From its very inception in 1879 until the twentieth century, the U.S. Geological Survey was embroiled in congressional politics. These early years, Thomas G. Manning shows, heralded the complex relations of contemporary science and government.
Born out of rivalry between several scientific parties, the Geological Survey was founded primarily for the advancement of mining west of the Mississippi. Its scope was soon broadened, however, and the Survey became national in character. The concept of government science was challenged by the conservative Cleveland Democrats, but its proponents succeeded in establishing the Survey as a permanent bureau in 1886.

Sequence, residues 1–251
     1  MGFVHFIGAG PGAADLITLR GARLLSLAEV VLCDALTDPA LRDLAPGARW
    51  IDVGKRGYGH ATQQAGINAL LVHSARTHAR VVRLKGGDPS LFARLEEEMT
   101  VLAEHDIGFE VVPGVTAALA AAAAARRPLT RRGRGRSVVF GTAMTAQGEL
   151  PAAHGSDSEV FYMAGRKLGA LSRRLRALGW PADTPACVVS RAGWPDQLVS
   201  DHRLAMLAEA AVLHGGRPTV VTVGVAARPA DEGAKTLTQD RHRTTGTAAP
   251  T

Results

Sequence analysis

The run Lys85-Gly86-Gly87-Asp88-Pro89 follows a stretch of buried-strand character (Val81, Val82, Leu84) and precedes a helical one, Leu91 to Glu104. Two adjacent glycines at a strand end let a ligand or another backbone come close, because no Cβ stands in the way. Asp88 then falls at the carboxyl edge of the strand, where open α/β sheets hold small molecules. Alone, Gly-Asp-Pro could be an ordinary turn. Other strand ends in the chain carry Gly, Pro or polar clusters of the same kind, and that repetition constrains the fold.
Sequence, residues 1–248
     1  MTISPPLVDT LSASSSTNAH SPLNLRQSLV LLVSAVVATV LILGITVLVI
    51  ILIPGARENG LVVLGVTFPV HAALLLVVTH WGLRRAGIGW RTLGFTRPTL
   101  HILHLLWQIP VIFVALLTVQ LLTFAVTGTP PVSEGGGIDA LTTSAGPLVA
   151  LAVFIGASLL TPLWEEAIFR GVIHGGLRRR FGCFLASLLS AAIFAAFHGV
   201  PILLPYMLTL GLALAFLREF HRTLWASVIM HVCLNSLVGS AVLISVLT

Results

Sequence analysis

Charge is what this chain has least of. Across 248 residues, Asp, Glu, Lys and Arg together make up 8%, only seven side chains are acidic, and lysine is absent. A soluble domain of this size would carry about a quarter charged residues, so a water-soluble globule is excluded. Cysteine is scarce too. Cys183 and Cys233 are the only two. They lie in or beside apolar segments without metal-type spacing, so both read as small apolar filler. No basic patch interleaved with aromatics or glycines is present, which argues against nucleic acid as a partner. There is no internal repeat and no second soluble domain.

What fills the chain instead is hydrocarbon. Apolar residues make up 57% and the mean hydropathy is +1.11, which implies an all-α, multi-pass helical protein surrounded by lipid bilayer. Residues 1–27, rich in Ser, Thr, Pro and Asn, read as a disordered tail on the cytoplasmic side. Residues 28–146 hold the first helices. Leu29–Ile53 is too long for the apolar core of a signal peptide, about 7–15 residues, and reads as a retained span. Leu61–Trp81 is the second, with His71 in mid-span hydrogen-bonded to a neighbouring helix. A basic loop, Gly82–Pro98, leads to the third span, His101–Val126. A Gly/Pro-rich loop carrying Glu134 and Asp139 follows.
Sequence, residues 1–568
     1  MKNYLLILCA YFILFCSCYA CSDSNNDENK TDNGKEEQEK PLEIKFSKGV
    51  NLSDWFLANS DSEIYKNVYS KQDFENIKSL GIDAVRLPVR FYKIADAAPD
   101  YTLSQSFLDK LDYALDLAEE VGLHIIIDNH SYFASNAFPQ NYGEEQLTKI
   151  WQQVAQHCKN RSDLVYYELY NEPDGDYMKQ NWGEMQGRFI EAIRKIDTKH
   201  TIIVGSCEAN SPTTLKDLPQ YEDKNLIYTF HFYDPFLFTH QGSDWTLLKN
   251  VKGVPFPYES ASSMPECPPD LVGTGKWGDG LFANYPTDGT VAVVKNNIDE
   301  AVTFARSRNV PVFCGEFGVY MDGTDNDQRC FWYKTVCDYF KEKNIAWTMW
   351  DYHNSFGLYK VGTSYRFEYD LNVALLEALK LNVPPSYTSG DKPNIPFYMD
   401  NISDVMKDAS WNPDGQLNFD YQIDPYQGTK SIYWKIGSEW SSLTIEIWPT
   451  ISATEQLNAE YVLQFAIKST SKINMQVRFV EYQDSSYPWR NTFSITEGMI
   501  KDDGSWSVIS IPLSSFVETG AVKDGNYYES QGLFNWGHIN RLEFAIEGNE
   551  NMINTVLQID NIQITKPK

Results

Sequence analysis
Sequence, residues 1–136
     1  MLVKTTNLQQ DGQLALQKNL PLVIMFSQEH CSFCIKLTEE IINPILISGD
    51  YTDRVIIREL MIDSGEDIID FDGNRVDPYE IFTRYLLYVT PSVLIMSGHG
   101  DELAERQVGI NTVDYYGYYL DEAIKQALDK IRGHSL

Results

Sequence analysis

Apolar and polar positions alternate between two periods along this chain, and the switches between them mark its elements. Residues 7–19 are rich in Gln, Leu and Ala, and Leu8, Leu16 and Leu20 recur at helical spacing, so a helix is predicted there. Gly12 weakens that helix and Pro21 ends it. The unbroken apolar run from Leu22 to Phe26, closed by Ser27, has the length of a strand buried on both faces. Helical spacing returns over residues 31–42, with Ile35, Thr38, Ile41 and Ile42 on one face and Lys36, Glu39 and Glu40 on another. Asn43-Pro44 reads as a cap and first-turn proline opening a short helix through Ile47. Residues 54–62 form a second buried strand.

Manning traces in ...Read More